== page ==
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Seborrheic Dermatitis

Updated : January 31, 2024





Background

Seborrheic dermatitis (SD) is a common chronic skin condition that typically affects the face, scalp & body areas. It has a papulosquamous shape. The disease’s bimodal incidence is reflected by the adult (ASD) & infantile (ISD) variants.

Seborrheic dermatitis often does not bother infants, but it can create great parental anxiety. It frequently manifests as solid, oily scales on the crown & frontal areas of the scalp.

It starts in the first 3 months of life, is usually moderate, self-limiting, & resolves on its own by the first birthday. ASD, on the contrary hand, is characterized by a recurrent & remitting type of illness and is placed third for its ability to reduce the life quality behind contact and atopic dermatitis.

Epidemiology

The frequency of seborrheic dermatitis is estimated to be 5% worldwide, but dandruff, its non-inflammatory variation, is possibly nearer to 50%. Every ethnic group, everywhere in the world, is impacted by SD. The frequency of SD is bimodal, peaking during the first 3 years of life and again after the fourth decade from adrenarche.

At 3 months, there were about 72 percent of pre-schoolers in Australia had SD; after that, there was a sharp decline, with an overall prevalence of 10 percent. The Rotterdam Research and data analysis also revealed that 14 percent of middle-aged & elderly persons had SD. However, in HIV-AIDS, 35 percent of people with early Human immunodeficiency virus (HIV have SD, and 85% of people with AIDS have the condition.

SD is at risk for developing because of the following factors:

  • Increased activity of the sebaceous glands
  • Men’s sex
  • Age

Immunodeficiency, such as

  • Transplanting a kidney
  • HIV/AIDS
  • Lymphoma

Psychological and neurological conditions, such as

  • Stroke
  • severe depression
  • Parkinson disorder
  • Impaired autonomic function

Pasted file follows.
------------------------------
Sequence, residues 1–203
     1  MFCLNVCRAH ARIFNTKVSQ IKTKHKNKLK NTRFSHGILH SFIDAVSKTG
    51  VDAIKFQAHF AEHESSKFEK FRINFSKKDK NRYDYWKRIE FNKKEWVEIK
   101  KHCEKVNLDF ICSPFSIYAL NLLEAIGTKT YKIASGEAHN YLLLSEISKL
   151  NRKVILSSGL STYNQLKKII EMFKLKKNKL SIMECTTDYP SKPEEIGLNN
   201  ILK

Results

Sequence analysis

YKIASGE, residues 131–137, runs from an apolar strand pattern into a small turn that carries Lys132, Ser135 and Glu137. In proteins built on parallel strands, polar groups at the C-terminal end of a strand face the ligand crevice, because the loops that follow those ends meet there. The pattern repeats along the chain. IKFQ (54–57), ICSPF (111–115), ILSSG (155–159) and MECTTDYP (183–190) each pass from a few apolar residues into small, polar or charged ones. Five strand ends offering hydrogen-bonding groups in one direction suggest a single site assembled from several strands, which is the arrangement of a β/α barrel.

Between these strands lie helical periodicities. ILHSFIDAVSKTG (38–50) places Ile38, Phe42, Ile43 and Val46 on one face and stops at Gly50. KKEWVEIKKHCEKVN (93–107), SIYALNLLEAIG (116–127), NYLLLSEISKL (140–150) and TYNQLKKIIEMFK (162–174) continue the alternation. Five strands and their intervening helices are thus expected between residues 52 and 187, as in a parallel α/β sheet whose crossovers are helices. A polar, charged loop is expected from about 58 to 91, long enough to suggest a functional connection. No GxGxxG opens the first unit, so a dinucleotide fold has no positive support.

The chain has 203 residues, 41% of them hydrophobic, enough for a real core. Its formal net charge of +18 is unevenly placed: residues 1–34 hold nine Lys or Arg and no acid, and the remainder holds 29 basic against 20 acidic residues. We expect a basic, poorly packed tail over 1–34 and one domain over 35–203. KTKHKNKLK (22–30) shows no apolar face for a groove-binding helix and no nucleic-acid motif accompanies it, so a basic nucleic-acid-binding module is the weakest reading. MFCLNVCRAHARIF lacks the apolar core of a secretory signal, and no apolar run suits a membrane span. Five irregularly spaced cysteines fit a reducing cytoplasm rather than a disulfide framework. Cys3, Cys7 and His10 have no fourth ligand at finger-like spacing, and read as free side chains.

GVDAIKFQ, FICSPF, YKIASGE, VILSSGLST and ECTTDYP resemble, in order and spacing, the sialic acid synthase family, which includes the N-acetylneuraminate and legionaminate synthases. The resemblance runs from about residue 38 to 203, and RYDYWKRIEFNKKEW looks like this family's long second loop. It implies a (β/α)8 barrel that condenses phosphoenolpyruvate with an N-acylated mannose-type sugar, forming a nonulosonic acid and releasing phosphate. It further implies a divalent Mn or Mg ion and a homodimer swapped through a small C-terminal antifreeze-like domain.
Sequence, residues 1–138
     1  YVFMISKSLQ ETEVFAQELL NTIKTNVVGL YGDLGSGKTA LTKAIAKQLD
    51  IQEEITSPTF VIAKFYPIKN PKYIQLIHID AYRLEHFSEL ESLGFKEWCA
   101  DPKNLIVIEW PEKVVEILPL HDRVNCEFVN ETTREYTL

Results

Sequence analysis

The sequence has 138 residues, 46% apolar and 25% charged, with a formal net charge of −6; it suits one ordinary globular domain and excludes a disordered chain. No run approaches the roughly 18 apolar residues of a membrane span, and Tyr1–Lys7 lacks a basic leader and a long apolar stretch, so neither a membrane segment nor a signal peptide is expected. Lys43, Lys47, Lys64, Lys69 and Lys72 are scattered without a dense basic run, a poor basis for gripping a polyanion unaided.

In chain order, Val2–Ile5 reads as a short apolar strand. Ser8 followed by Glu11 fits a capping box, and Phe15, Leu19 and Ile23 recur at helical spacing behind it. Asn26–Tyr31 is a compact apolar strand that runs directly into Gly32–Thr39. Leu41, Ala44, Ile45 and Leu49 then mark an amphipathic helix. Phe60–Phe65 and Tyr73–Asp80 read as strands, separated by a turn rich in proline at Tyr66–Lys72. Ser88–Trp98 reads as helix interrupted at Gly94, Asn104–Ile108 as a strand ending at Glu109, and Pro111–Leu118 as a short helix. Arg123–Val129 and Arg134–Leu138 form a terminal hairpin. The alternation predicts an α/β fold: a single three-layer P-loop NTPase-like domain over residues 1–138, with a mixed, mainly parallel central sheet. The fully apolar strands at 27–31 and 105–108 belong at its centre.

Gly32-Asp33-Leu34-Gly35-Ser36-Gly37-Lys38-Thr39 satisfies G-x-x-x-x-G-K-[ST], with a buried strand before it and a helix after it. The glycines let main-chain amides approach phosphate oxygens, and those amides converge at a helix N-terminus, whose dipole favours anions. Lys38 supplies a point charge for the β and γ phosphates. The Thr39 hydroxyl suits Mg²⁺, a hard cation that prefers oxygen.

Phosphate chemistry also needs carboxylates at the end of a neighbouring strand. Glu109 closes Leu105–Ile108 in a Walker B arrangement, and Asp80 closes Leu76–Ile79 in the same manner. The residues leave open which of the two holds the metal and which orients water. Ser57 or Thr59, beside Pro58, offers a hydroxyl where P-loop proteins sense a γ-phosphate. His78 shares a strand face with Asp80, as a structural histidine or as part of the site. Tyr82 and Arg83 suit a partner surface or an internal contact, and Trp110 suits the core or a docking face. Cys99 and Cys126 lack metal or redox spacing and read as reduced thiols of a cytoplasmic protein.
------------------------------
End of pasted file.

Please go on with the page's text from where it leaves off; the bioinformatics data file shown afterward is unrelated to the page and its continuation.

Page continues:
• Low ambient temperatures or humidity

Anatomy

Pathophysiology

The following are some suggested pathophysiologic pathways for SD:

  • The bacterium on the skin is harmed.
  • A weakened immunological response to Malassezia species that is accompanied by a weaker T-cell reaction and complementactivation
  • Fats that are unsaturated are more prevalent on the skin’s surface
  • Peripheral neurotransmitter disruption
  • Abnormal keratinocyte shedding
  • Disruptions of the epidermis barrier linked to genetic causes
  • In addition to degrading sebum & consuming saturated fats, Malassezia species. also affect the lipid equilibrium on the skin’s surface. Malassezia species. involvement is further supported by their separation from SD lesions and the considerable improvement of SD following antifungal therapy

To prove a connection between ISD and the emergence of ASD, however, there seems to be insufficient data.

Management:

The method will change depending on the individual’s age, as well as the location & seriousness of the ailment. Treatments should target the underlying illness process as well as any secondary symptoms, particularly pruritus and the hyperkeratotic spectrum, Staphylococcal invasion, and related characteristics. The consensus of a Danish group of experts was that topical antifungals should be used as the first line of treatment and that topical calcineurin inhibitors & corticosteroids should only be used in the event of severe symptoms or flare-ups.

In ISD, it’s crucial to take the scale-crust on the cradle cap and parental anxiousness into account. To soften and remove the cradle cap scales, use a soft brush and sorbolene lotion or cream. In contrast hand, itching & pain in ASD must be treated immediately. Antipruritics, anti-inflammatories, antifungals, and keratolytics should all be present in a standard formulary. Facts support the use of topical 1% zinc pyrithione. 1% – 2% ketoconazole, 1% hydrocortisone, and 1% ciclopirox for the treatment of scalp & non-scalp SD.

While a powerful corticosteroid may be required for short-term therapy of scalp ASD, intermittent usage of modest topical corticosteroids plus the antifungal imidazole is convenient, and it can be very successful. Combinations of ingredients like pine or coal tar (keratolytic/antipruritic), salicylic acid (keratolytic), sulfur (antimicrobial/keratolytic), & sulfacetamide (antibacterial/anti-inflammatory) are frequently found in shampoos. These can be applied to the patient’s scalp & non-scalp areas and removed with water after five to ten minutes.

Topical 1% pimecrolimus or other formulations with site-appropriate therapeutic potential should be used on occasion to reduce the side effects of topical corticosteroids. The standard of care employs the antifungal & anti-inflammatory characteristics of itraconazole (evaluated for CYP450 drug reaction, which could even deteriorate cardiovascular disease), ketoconazole (regulate liver health; Black Box warning), & fluconazole (calculate the dose according to kidney function). Oral therapy should be considered for refractory or generalized diseases.

A Typical Formulary Might Contain:

Topical Creams, Lotions, creams, and Ointments:

  • 2% ketoconazole cream
  • 5% sulfur lotion + 10% sulfacetamide lotion